Decentralized finance (DeFi) lending protocol Harvest Finance has been exploited by a hacker who drained $24 million from its pools, and then mysteriously returned $2.5 million to the protocol. Harvest finance has put a $100,000 on the first person or team to reach out to the attacker.

Harvest Finance is a DeFi yield farming protocol that collects yields from different lending protocols and optimizes the earnings of its depositors by choosing the best rates. The attacker used a flash loans to take advantage of its pools and drain the $24 million from it.

Flash loans are uncollateralized loans, possible through complex transactions that both take out the loan and repay it in the same transaction. To drain the protocol, the attacker manipulated prices on the Curve Y pool to drain stablecoins from Harvest Finance. The attacker then converted the tokens into renBTC, a bitcoin-backed token used on Ethereum, to then move the funds to bitcoin.

On social media, the anonymous developers behind the DeFi protocol provided bitcoin addresses associated with the attacker, and claimed that there is a “significant amount of personally identifiable information on the attacker,” who they claim is “well-known in the crypto community.”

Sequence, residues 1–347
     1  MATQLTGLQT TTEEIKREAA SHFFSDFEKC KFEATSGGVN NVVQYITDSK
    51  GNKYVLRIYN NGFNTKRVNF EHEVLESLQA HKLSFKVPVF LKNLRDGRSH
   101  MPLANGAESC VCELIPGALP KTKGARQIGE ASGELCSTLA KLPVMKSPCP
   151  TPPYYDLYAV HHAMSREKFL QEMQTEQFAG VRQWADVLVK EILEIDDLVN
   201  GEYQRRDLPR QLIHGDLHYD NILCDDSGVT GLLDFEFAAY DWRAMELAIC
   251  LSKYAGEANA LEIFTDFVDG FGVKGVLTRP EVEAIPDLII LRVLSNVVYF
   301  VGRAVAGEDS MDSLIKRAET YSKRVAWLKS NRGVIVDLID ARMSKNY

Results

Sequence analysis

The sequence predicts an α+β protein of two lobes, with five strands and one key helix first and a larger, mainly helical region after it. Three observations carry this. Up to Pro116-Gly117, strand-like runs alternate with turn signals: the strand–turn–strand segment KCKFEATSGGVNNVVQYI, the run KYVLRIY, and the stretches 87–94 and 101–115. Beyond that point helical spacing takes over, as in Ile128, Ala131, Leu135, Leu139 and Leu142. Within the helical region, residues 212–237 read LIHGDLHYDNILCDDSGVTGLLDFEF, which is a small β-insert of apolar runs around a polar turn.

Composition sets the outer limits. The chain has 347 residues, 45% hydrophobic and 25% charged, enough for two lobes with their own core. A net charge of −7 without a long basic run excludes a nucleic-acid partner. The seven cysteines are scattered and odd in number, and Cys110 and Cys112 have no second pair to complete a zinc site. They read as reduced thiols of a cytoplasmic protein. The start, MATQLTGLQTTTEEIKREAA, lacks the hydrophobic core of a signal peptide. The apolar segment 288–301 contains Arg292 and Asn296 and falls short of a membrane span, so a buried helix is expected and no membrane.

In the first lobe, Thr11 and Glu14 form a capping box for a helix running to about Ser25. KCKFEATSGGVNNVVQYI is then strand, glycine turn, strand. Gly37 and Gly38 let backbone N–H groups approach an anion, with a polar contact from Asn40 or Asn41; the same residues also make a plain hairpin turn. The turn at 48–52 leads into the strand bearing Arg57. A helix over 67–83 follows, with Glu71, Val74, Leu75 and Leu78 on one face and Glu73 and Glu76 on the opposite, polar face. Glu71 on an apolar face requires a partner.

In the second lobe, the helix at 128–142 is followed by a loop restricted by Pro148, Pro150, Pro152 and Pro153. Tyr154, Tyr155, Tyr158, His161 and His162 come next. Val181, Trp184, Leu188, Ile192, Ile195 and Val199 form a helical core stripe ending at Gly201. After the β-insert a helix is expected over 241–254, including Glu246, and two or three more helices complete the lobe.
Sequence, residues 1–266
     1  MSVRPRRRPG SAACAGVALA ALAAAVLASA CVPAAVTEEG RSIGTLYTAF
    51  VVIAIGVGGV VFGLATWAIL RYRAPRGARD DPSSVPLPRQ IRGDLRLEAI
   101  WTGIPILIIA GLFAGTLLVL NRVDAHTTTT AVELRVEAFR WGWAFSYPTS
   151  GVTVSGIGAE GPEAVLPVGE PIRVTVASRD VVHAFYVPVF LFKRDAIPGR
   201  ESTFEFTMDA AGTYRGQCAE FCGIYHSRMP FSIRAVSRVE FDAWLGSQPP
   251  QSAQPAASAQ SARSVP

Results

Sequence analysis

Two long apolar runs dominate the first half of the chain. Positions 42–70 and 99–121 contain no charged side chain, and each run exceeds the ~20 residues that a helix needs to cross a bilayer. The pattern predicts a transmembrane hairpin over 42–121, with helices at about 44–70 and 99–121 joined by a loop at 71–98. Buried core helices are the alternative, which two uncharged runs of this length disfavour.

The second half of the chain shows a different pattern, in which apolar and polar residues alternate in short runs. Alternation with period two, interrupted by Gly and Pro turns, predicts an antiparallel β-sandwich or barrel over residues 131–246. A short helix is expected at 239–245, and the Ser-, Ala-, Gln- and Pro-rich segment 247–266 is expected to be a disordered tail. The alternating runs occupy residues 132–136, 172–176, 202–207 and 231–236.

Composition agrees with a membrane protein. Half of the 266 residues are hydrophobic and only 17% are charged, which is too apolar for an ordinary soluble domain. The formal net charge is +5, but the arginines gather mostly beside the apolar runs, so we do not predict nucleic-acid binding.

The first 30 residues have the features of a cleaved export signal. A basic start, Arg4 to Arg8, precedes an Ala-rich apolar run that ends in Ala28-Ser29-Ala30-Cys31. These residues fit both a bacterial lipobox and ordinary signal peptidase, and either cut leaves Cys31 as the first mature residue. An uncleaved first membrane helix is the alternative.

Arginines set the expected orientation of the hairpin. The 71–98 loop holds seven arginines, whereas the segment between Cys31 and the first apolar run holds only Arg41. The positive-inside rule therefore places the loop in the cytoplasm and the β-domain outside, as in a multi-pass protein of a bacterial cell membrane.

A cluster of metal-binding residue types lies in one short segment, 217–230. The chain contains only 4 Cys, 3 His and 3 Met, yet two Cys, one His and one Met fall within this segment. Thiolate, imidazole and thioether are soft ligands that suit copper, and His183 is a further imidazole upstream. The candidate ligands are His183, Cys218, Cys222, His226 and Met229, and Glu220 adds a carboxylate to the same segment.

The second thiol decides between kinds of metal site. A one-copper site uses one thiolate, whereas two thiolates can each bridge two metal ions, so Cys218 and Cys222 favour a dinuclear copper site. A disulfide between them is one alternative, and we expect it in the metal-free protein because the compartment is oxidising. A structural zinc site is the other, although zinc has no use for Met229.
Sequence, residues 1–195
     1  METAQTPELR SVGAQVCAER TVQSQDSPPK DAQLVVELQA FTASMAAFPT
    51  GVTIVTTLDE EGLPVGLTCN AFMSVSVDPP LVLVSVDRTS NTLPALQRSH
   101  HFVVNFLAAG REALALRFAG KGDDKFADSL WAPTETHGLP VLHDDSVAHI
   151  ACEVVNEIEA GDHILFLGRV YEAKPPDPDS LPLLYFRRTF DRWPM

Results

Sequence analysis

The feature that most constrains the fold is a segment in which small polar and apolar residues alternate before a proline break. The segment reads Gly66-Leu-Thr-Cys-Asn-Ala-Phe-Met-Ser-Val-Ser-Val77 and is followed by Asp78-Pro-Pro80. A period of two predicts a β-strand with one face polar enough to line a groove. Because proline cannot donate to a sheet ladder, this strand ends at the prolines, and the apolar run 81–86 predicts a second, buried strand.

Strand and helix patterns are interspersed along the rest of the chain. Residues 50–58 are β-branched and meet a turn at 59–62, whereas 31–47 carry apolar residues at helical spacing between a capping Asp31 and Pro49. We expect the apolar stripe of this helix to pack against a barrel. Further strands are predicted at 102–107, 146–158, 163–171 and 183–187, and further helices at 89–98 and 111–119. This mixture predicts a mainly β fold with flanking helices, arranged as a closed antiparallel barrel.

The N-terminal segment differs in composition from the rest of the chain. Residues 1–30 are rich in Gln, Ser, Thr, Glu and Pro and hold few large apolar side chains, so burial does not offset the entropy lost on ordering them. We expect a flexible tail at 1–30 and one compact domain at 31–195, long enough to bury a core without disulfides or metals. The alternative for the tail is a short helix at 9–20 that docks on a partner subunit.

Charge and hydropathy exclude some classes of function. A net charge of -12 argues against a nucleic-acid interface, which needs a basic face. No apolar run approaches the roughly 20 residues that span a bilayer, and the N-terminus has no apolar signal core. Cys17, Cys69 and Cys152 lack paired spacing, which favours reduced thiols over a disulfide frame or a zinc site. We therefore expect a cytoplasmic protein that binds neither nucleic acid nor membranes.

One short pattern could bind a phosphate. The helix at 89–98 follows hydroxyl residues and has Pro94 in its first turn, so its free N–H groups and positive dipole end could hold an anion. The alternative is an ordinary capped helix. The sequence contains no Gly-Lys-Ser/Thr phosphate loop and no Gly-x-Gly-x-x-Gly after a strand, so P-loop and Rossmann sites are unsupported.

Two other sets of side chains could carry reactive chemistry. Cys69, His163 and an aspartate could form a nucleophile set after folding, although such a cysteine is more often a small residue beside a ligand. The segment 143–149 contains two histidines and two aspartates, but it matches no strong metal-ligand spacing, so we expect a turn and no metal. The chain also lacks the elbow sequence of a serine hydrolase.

The protocol’s operators added they are not interested in revealing the attackers’ identity. Address them directly, they said “your skill and ingenuity is respected, just return the funds to the users.”

In a separate tweet, the developers behind Harvest finance asked several cryptocurrency exchanges, including Binance, Coinbase, OKEx, and Huobi, to block bitcoin addresses associated with the attacker.

Harvest Finance, it’s worth noting, was launched back in August and had over $1 billion in total assets locked before the exploit. Since then, the value dropped to little over $500 million before its page on DeFiPulse started serving a “500 internal server error.”

The price of Harvest finance’s native token, FARM, dropped by over 50% in the last 24-hour period.

Featured image via Pixabay.